Medford School Board passes 'Every Student Belongs' policy
The Medford School Board passed an “Every Student Belongs” policy Thursday that prohibits “bias incidents” and the use or display of symbols of hate, including “but not limited to” the noose, the Confederate flag, the swastika and “Ku Klux Klan symbology and emblems” on district grounds or in any district- or school-sponsored program, service, school or activity.
“Bias incidents” are defined in the policy as “a person’s hostile expression of animus toward another person, relating to the other person’s perceived race, color, religion, gender identity, sexual orientation, disability or national origin, of which criminal investigation or prosecution is impossible or inappropriate.”
The policy also includes a four-step “bias incident complaint procedure” that details what happens after complaints are brought to the bias incident coordinator, who will “use their best efforts to determine an outcome within 10 school days of receiving the complaint.”
Every Oregon school district, public charter school, school for the deaf and education service district has been mandated by the state Board of Education to adopt a similar policy on or before Jan. 1. Medford’s passed with a 7-0 vote during Thursday night’s board meeting, and afterward MSD Communications Coordinator Natalie Hurd said the policy’s impact will be far-reaching.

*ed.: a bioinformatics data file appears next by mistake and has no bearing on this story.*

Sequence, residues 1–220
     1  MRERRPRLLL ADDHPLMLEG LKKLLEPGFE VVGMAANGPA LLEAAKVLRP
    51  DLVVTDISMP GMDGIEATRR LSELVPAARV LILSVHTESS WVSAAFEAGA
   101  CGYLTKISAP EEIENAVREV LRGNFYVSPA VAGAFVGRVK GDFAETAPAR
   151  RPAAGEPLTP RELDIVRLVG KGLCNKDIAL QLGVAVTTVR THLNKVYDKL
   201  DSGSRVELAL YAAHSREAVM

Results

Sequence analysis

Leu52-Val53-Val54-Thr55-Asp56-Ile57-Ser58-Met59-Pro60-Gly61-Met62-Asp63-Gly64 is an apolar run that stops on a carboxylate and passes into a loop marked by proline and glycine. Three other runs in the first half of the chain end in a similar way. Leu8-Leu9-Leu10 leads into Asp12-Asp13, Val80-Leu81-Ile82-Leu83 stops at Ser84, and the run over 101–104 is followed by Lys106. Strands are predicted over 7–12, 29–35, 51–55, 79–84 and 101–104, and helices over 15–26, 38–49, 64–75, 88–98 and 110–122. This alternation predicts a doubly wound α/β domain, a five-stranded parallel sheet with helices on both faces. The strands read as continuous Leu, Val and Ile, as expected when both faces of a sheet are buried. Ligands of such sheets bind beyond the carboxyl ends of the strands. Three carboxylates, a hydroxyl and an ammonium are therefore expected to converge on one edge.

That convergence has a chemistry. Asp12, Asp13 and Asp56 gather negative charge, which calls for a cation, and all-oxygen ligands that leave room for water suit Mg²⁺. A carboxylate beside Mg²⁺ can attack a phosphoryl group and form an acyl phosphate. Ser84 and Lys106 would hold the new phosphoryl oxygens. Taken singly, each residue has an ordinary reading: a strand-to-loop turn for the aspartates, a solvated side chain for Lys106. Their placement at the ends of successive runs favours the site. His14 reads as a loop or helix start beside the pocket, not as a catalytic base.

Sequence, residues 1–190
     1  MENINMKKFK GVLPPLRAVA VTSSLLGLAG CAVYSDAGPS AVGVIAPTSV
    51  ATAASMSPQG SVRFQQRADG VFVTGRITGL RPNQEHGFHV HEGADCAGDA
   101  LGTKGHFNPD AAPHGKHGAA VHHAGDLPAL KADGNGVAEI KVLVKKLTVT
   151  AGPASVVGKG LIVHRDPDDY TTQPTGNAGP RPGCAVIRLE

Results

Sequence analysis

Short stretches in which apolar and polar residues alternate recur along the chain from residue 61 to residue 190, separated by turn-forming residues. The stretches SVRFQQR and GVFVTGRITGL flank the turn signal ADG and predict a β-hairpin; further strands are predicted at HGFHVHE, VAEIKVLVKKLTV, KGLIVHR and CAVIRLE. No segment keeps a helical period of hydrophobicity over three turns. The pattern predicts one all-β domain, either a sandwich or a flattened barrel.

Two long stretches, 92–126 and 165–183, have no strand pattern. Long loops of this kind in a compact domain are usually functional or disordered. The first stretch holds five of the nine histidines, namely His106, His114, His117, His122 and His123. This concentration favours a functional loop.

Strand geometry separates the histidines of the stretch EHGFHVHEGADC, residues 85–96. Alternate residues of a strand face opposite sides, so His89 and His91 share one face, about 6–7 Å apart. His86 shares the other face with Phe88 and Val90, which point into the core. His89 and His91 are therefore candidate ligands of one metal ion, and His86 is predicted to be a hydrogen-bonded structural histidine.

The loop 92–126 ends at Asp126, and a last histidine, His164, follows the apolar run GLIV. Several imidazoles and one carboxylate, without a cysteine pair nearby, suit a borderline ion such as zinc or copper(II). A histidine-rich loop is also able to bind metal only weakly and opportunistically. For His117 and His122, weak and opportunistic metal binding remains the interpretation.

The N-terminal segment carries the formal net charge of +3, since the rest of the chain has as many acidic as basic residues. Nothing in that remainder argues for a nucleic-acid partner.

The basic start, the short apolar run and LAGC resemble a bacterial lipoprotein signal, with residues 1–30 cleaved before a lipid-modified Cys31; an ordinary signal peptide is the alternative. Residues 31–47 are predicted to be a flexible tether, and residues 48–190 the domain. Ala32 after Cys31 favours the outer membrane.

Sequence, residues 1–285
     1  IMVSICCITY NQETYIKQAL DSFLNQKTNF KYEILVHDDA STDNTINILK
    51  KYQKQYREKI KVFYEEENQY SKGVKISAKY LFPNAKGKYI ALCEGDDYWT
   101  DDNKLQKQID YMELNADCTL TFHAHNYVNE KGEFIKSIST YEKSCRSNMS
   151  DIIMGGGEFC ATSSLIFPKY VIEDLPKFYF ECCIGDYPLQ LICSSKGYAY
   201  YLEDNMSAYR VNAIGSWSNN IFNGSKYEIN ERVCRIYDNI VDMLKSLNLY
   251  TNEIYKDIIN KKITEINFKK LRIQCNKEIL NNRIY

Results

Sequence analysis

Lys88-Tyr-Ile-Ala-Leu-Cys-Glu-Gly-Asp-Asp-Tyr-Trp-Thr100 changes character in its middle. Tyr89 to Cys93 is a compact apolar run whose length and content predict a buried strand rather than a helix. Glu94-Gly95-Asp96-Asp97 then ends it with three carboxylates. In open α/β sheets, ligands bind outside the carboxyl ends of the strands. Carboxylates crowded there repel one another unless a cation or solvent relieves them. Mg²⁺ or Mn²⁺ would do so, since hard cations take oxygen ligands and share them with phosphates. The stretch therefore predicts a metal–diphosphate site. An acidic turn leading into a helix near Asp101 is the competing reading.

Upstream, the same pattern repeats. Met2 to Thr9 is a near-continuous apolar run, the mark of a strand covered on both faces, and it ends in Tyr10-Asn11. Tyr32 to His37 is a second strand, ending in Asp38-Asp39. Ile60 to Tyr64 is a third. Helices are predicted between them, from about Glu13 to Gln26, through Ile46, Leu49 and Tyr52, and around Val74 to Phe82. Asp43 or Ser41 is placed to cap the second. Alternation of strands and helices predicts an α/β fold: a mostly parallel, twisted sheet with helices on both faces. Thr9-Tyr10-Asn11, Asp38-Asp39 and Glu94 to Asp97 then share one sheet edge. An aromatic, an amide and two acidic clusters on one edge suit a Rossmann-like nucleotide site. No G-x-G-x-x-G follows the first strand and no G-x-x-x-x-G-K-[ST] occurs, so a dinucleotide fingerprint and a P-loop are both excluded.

“This is huge; it’s historic,” Hurd said Friday. “To quote (board member) Cynthia Wright, it’s sad that we need this, but it’s reality. And our students have experienced hate and discrimination based on race and sexual orientation and gender identity and other things, and these hate symbols have no place in our schools. Every student deserves a right to an education and to feel safe and to be safe at school, so this policy is a huge step in the right direction.”
The inclusion of the phrase “but not limited to” and the addition of the Ku Klux Klan symbology and emblems to the list of banned symbols was a source of debate during the previous school board meeting Dec. 3 and Thursday’s meeting, but both ultimately gained unanimous approval by the board.
The KKK symbology was a late addition whose inclusion was advocated by Tiffany Beach, a Black Alliance Social Empowerment (BASE) member who helped the district write the policy and spoke about its significance during the public comments portion of the meeting.
Beach has two daughters in the Medford School District and both have dealt with racial harassment in classrooms and on playgrounds, she said, and their “strength and maturity” made it possible for Beach to come to the board “with outrage and ask if we can come together as a community.”
“I can seriously say that ever since my daughter Tatum started school in kindergarten here,” Beach said, “there has been an experience every single year, and every single year I keep on telling her to hold her head high, we’ll continue to fight by having conversations with respect and doing the work that is needed to make the difference.”